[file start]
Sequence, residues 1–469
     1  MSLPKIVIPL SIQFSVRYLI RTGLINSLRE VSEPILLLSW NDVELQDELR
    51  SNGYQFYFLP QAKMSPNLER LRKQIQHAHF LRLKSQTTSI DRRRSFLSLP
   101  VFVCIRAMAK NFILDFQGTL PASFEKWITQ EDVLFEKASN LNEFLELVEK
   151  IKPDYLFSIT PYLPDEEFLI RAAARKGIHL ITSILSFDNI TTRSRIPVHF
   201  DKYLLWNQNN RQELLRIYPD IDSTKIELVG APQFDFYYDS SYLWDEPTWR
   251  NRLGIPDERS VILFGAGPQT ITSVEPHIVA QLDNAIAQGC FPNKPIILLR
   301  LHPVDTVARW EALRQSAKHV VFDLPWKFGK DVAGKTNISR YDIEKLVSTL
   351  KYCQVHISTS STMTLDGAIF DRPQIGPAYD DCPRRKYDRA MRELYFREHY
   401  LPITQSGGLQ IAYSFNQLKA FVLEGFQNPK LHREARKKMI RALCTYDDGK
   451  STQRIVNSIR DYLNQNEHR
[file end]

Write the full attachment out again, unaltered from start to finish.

Sequence, residues 1–469
     1  MSLPKIVIPL SIQFSVRYLI RTGLINSLRE VSEPILLLSW NDVELQDELR
    51  SNGYQFYFLP QAKMSPNLER LRKQIQHAHF LRLKSQTTSI DRRRSFLSLP
   101  VFVCIRAMAK NFILDFQGTL PASFEKWITQ EDVLFEKASN LNEFLELVEK
   151  IKPDYLFSIT PYLPDEEFLI RAAARKGIHL ITSILSFDNI TTRSRIPVHF
   201  DKYLLWNQNN RQELLRIYPD IDSTKIELVG APQFDFYYDS SYLWDEPTWR
   251  NRLGIPDERS VILFGAGPQT ITSVEPHIVA QLDNAIAQGC FPNKPIILLR
   301  LHPVDTVARW EALRQSAKHV VFDLPWKFGK DVAGKTNISR YDIEKLVSTL
   351  KYCQVHISTS STMTLDGAIF DRPQIGPAYD DCPRRKYDRA MRELYFREHY
   401  LPITQSGGLQ IAYSFNQLKA FVLEGFQNPK LHREARKKMI RALCTYDDGK
   451  STQRIVNSIR DYLNQNEHR